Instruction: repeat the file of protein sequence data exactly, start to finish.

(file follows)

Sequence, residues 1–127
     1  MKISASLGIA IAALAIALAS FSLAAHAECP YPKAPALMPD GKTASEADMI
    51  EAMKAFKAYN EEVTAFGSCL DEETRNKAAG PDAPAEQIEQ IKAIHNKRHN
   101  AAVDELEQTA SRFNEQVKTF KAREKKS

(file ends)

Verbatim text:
Sequence, residues 1–127
     1  MKISASLGIA IAALAIALAS FSLAAHAECP YPKAPALMPD GKTASEADMI
    51  EAMKAFKAYN EEVTAFGSCL DEETRNKAAG PDAPAEQIEQ IKAIHNKRHN
   101  AAVDELEQTA SRFNEQVKTF KAREKKS